John Muir. Heaven on Earth. Illustrated by Charles D. Jones. Austin: Press Intermezzo, 1998.
A French style binding with laced-on boards. The top edge is graphite with red silk hand sewn endbands. The book is covered in black goatskin with black emery paper and black morocco onlays, traditional chemise and slipcase. 
Sample binding submitted to the 2009 DeGolyer competition

 

 

Letter of Elizabeth, Lady Chandos, to Francis Bacon. French Style binding in full box calf leather with box calf doublures, fly leaves and onlays 20.3 x 15.5 x 1.4 cm Philadelphia Guild of Bookworkers show at the Athenaeum of Philadelphia, June, 2011 and Venice Italy, October, 2011

Letter of Elizabeth, Lady Chandos, to Francis Bacon. French style binding in full box calf leather with box calf doublures, fly leaves and onlays 20.3 x 15.5 x 1.4 cm Philadelphia Guild of Bookworkers show at the Athenaeum of Philadelphia, June, 2011 and Venice Italy, October, 2011

 

Dires Erotiques Haikus. Society of Bookbinders exhibit 2011

Dires Erotiques Haikus. Society of Bookbinders exhibit 2011

 

La couleur du vent. Full leather. Mosaic décor set with dark red box. Bound ca. 2013 for ARA exhibit 2013-2014

Gilles Vigneualt. La couleur du vent. Full leather. Mosaic décor set with dark red box. Bound ca. 2013 for ARA exhibit 2013-2014

 

 

 


I Was Wrong. Ish.

In early December, I wrote a post that generated the most comment activity on this blog…so far.

I created a set of rules; guidelines for what a binder should bind if left to his or her own devices. I’ll reproduce the list below for easy reference, embarrassing though it is.

The Rules

  • Bind books in English if you live in an Anglophone country
  • Follow the flag: an axiom in the book trade with few exceptions. Ex. US author, book must be published in the US.
  • Is the author still in print? You’re on the right track.
  • Were you forced to read the book in school? This is a good sign.
  • Is the author or illustrator alive? Don’t risk it.
  • Do not bind books on books, collecting, reference books, or anything of the sort.
  • Avoid Franklin Library and Easton Press.
  • Is the book signed or inscribed by the author? Do not bind.
  • Does the book have the original dust jacket? Do not bind.
  • Is the book collectible in original condition?

I was wrong.

At the time, I had the collecting market in 20th and 21st century first editions on my brain. That’s been part of my day job for 14 years so far, so you’ll have to forgive me. It’s a kind of brainwashing. Forget first editions (not ALWAYS, but for the moment). I know design binders love fine press books. I am aware that binders love to sink a needle into fresh signatures of quality paper. Certainly, that is one reason to love fine press books. But what about the content? I’m fussy.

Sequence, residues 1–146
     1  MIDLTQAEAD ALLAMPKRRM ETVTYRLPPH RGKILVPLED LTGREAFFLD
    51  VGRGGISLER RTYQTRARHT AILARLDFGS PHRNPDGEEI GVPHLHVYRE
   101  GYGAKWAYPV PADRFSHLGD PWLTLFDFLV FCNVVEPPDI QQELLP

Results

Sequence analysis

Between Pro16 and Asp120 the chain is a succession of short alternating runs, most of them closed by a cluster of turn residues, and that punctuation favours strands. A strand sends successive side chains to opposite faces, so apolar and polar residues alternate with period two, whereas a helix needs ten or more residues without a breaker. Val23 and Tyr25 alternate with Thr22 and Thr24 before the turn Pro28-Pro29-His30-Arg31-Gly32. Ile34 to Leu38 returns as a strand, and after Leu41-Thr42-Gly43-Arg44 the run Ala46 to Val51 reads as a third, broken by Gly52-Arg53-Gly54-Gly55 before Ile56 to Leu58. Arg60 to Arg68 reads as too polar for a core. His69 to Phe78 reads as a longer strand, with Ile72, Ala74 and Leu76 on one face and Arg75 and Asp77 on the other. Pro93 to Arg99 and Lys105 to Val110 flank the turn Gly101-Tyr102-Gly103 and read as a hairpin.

Lately, I’ve been writing a lot about the upcoming InsideOUT exhibit (thank you for changing the name!). In order to do that, I have spent quite a bit of time looking at fine press books, including a painfully brief visit to the Fine Press Book Fair. I have concluded that I should toss out most of the above. I still think Franklin Library and Easton Press should be shunned. I still believe you should not bind books on books, binding, printers, typographers, and the like, unless for your personal collection. I still think you should bind books in the language of the country where you practice. I’ll add that if any of you bind yet another copy of Fleurs de Mal, I’m going to puke. Binding that title isn’t a requirement for becoming a binder, is it? It sure seems like it. Please stop.

Anyway, contemporary fine press books; I think I’m starting to “get” them. I’m still pretty opinionated (stay tuned for the inevitable I Was Wrong, part 2 post). There still has to be a magical marriage of typography, layout, art, and text to make me care. If the binding is just right in design and craftsmanship, I’ll melt. One book in the InsideOUT catalog hit me just right. I’ve entered the lottery for purchase of the bindings, which occurs on May 14th.

I’m pretty excited about the lottery. I’ve commissioned bindings (which aren’t ready yet), but I’ve never purchased one. A lottery may seem like a weird way to make my first purchase, if I am so lucky as to have my request for that binding drawn before anyone else’s. I feel like I’m going about my entry into collecting backwards. Don’t most collectors start with buying bindings from a dealer? Maybe I’ll do that one day, too.

 


Follow

Get every new post delivered to your Inbox.

Join 1,063 other followers